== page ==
The late summer explosion of yellow composites has subsided greatly over the past week—Missouri conflower (Rudbeckia missouriensis) and rosinweed (Silphium integrifolium), and ashy sunflower (Helianthus mollis) have all gone to seed, and only sporadic still-blooming individuals of prairie dock (Silphium terebinthinaceum) and goldenrods—including old field goldenrod (Solidago nemoralis), stiff goldenrod (S. rigida), and Gattinger’s goldenrod (S. gattingeri)—can be found. Gattinger’s goldenrod, in particular, deserved extra attention, as this species has only a few known population centers and comes as close to a true Missouri endemic as any plant species in the state. It can be distinguished by its basally disposed, glaucus leaves which become very small on the upper stem and its pyramidal inflorescences radiating out from the stem in all directions.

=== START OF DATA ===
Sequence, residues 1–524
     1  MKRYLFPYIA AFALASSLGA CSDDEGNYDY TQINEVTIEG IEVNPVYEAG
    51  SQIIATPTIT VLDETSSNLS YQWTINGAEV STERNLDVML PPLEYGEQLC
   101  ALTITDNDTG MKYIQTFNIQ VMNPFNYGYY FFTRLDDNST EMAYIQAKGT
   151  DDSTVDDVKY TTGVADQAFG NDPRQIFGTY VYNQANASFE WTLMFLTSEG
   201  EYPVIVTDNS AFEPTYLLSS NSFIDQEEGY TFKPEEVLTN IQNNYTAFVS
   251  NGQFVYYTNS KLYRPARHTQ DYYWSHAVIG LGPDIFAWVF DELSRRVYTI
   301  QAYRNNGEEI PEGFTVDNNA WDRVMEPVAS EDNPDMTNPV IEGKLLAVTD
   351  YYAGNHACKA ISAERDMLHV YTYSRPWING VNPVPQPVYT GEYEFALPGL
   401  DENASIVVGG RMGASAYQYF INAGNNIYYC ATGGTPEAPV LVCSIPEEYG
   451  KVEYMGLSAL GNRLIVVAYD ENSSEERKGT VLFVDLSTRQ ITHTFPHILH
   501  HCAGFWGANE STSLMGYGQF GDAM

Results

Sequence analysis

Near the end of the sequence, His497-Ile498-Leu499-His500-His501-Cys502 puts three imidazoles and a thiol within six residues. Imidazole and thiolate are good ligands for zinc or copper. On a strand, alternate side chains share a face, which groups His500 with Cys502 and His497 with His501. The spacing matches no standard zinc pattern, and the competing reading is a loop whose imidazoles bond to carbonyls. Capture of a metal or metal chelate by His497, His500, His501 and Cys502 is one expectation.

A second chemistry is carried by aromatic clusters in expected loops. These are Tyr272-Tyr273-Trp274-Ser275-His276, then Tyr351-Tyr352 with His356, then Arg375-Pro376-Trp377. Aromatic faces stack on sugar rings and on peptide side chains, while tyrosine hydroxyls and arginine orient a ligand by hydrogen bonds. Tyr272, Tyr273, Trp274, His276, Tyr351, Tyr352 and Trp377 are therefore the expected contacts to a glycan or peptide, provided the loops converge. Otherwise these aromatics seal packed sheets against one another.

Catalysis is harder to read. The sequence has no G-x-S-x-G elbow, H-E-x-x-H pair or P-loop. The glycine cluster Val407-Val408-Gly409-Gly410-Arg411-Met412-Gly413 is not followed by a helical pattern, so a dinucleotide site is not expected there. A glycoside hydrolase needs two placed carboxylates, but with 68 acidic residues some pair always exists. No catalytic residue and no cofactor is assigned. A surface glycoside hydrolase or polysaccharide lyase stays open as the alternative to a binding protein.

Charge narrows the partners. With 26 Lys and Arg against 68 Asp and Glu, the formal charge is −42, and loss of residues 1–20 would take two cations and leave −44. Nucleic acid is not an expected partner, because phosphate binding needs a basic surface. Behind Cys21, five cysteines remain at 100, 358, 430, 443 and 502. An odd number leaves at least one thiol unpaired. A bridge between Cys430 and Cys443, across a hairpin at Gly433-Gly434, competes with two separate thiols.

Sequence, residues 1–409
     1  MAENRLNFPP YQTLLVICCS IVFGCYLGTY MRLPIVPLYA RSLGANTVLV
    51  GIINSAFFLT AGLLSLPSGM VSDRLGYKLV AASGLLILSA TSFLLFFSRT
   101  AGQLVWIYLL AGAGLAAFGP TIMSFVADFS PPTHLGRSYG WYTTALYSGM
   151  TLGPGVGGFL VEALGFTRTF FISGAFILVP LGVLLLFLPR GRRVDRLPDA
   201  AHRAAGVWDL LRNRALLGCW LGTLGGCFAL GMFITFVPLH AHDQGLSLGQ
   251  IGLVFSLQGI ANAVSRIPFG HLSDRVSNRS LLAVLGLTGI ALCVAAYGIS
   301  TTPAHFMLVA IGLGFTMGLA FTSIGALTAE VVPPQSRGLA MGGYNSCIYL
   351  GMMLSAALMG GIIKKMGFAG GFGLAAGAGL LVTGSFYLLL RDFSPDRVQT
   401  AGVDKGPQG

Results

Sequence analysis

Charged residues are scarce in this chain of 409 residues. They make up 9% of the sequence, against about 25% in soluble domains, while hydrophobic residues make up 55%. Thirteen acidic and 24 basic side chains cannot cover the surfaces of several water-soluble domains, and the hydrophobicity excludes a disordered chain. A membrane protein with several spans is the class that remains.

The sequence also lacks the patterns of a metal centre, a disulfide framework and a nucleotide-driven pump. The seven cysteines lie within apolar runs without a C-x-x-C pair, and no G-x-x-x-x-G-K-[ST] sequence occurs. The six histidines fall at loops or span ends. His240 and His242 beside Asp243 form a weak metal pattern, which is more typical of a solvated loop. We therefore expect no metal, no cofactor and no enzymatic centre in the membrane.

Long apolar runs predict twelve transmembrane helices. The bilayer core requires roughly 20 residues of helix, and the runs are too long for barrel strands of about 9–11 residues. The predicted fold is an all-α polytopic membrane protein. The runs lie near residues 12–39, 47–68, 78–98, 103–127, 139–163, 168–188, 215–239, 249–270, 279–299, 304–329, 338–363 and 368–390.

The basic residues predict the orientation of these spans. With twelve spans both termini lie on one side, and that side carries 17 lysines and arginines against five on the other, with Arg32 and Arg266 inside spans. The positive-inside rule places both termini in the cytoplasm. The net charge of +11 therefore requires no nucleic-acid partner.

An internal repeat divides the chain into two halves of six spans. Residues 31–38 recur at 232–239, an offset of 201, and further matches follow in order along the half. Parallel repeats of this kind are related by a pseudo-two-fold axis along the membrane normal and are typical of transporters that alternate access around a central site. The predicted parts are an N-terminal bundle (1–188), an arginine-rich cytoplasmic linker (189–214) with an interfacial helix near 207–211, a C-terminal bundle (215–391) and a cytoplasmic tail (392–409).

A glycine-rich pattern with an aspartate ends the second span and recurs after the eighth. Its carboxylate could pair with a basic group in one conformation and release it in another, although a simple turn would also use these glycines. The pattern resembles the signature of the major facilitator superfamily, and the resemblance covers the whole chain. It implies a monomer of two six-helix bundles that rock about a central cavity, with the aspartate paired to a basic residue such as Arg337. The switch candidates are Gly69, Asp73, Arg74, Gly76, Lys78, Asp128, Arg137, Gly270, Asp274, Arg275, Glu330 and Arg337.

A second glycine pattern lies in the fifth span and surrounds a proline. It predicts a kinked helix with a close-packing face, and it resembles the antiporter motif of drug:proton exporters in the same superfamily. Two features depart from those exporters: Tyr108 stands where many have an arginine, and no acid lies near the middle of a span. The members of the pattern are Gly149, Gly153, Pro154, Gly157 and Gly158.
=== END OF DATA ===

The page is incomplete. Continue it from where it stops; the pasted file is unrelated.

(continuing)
The decline of the fall composites does not mean, however, that the glades are now without color, as vibrant purples still dot the glade perimeter in the form of Liatris asperas (rough blazingstar).
Sumacs, as well—both shining (Rhus copallinum) and fragrant (R. aromatica), and flowering dogwood (Cornus florida) have already begun turning rusty to bright red.
Nor does it mean that nothing new is coming into flower—Great Plains ladies’-tresses orchid (Spiranthes magnicamporum) are blooming for the first time this week, and I saw numerous individuals still developing their inflorescences to suggest a fantastic October display is around the corner.
©️ Ted C. MacRae 2021